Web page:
Ms. Denise Powell's breeding efforts and advocacy resulted in an American Kennel Club agreement to allow registration of the healthier Dalmatian dogs within the official breed.
April 18, 2012
The School of Veterinary Medicine is pleased to announce the recipient of the 2012 El Blanco Award, Ms. Denise Powell of Hayward, California.
The El Blanco Award recognizes significant contributions that animal owners and other benefactors have made to clinical veterinary medicine by presenting afflicted animals for clinical studies; offering hypotheses and evaluations of therapy; and supporting clinicians at the William R. Pritchard Veterinary Medical Teaching Hospital who pursue novel diagnostic or therapeutic methods.
Powell, a dog breeder, is being honored for her contributions and dedication to eliminating hyperuricosuria in the Dalmatian breed. Hyperuricosuria occurs when excessive amounts of uric acid are found in the urine; the acid can form "stones" that block the urethra and require surgical removal.
Danika Bannasch, DVM, PhD, Professor of Genetics, Department of Population Health and Reproduction, nominated Powell for the El Blanco honor. "Denise revived an almost dead breeding experiment to produce 'normal' Dalmatians that will never develop urate bladder stones," Bannasch explains. "We used these dogs to identify the gene and causative mutation for excretion of high levels of urate in Dalmatian urine."
As a breeder, Powell has also emphasized backcrossing to an earlier, healthier type of dog that genetically is more than 99% Dalmatian - but whose offspring are less likely to have hyperuricosuria. Powell and others have worked hard to have these dogs recognized by the American Kennel Club. November 1, 2011, Dalmatian dogs descended from the cross were granted registration status.
Powell made direct contributions to genetic research: She provided urine samples, DNA samples, pedigrees, and photos of her dogs - and she found other breeders to provide similar materials.
Using the samples, Bannasch's lab identified the mutation that causes the problem. Her research team has also identified many other breeds that have the hyperuricosuria mutation and can benefit from the DNA test developed from this research.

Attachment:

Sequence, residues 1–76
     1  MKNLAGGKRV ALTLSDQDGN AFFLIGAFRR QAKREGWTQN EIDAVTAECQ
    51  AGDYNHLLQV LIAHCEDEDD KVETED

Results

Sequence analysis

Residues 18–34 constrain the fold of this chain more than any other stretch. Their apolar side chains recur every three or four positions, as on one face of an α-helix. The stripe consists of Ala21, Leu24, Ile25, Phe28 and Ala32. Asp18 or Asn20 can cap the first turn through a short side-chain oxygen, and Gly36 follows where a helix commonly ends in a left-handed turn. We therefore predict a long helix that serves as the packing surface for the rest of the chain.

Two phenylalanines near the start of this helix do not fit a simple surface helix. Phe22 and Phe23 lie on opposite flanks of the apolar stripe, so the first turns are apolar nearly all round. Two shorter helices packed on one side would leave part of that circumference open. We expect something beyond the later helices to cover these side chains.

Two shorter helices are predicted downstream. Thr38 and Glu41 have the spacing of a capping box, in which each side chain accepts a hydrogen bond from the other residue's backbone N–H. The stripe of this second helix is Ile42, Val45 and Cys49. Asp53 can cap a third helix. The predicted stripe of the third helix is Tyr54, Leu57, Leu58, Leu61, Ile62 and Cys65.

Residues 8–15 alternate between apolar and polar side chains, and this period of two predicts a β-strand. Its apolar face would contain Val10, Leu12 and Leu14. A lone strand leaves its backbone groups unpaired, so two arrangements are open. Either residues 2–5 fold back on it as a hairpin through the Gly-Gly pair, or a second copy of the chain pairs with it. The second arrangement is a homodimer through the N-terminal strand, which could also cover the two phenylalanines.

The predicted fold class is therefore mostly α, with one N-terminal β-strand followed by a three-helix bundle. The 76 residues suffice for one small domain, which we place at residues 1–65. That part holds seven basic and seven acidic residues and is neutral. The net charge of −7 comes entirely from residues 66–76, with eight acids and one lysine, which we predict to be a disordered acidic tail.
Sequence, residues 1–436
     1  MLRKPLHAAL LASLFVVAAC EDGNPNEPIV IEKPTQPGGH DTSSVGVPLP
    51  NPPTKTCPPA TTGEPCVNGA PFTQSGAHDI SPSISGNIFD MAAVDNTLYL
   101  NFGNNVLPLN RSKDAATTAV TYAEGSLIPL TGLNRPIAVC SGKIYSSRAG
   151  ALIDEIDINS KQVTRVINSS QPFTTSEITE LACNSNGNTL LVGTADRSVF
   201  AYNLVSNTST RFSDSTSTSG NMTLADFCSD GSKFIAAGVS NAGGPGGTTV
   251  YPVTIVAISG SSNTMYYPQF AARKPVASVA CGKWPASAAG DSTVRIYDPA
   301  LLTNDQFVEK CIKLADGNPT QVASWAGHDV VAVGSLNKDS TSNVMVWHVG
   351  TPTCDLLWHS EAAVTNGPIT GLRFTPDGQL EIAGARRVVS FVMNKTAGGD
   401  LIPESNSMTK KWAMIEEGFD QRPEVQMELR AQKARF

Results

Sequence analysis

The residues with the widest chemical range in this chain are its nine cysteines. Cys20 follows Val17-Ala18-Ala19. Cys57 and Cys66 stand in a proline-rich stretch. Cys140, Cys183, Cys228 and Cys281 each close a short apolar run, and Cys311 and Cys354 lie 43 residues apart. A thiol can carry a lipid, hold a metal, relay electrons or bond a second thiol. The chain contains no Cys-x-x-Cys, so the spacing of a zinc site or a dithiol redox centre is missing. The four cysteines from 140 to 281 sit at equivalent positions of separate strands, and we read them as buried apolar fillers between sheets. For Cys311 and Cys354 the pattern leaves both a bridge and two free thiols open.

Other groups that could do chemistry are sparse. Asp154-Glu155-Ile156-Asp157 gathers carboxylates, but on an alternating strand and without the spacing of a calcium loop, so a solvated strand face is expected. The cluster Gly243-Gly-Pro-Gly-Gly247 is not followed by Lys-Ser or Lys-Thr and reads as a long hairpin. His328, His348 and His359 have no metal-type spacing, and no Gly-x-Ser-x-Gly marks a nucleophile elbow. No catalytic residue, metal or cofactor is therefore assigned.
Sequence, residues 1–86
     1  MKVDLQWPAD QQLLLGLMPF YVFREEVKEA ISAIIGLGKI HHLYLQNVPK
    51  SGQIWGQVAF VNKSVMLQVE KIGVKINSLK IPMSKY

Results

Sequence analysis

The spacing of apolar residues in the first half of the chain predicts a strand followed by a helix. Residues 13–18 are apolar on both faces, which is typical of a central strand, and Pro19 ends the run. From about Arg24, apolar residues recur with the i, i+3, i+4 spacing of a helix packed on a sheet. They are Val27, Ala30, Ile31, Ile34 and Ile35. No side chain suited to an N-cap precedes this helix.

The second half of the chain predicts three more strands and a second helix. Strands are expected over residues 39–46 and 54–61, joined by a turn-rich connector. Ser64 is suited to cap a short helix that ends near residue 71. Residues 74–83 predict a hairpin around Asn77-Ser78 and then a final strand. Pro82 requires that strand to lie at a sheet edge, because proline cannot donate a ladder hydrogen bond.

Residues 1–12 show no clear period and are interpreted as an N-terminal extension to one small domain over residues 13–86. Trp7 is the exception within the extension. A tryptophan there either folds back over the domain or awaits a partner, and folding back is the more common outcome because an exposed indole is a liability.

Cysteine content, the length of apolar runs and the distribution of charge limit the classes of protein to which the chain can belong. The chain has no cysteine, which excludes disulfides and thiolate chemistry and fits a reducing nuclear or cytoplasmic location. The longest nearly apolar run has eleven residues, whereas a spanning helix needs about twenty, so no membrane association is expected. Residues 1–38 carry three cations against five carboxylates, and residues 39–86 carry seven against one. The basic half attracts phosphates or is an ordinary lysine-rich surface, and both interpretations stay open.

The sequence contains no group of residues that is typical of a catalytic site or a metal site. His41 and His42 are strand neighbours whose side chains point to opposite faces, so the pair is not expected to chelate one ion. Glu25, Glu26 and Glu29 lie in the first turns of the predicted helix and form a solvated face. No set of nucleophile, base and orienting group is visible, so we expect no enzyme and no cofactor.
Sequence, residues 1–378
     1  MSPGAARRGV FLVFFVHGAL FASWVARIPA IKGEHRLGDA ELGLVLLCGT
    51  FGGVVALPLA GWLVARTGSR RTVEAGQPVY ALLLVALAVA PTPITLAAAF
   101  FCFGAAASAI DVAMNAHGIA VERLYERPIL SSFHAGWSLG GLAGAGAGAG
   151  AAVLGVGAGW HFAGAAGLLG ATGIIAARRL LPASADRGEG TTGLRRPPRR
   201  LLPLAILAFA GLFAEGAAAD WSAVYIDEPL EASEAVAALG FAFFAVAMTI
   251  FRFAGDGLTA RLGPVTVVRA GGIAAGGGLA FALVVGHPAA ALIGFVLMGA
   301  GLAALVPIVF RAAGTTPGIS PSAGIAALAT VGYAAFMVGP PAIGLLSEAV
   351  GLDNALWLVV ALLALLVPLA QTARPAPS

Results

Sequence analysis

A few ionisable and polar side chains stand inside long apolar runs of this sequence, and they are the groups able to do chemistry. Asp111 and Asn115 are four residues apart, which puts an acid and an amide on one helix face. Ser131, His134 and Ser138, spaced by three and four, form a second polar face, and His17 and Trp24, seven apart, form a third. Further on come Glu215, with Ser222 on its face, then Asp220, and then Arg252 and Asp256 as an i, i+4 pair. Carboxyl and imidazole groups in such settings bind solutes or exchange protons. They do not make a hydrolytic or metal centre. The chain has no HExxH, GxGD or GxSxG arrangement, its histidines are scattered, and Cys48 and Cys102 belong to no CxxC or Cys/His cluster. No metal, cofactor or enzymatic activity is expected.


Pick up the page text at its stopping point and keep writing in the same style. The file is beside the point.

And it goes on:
Powell's involvement benefited the teaching mission of the school as two graduate students' doctoral theses were based on this project.
Finally, Powell's commitment helped the Bannasch lab develop a DNA test that dog owners can now use to make informed breeding decisions.
In all, Powell has made a distinctive contribution to canine health.
About the Genetics Service
The Genetics Service at the William R. Pritchard Veterinary Medical Teaching Hospital offers help to pet owners who are concerned about inherited diseases, especially in purebred dogs. Appointments and telephone consultations assist veterinarians and clients with the diagnosis of canine inherited diseases, and more than 100 DNA tests are available to help eliminate them. Laboratory support for the Genetics Service comes from the Veterinary Genetics Laboratory, where karyotyping, parentage analysis and some disease testing are performed.
About Danika Bannasch
In addition to her clinical work in the Genetics Service, Danika Bannasch pursues research. She is particularly interested in the development of molecular diagnostic tests for inherited diseases in dogs and horses to provide tools to produce healthier animals. She has identified the genes and mutations that cause Lethal White Foal Syndrome and HERDA in horses as well as hyperuricosuria in dogs. Her laboratory is currently working on identifying the genes responsible for cleft lip and cleft palate in dogs and a Connemara hoof wall defect in horses in addition to other projects.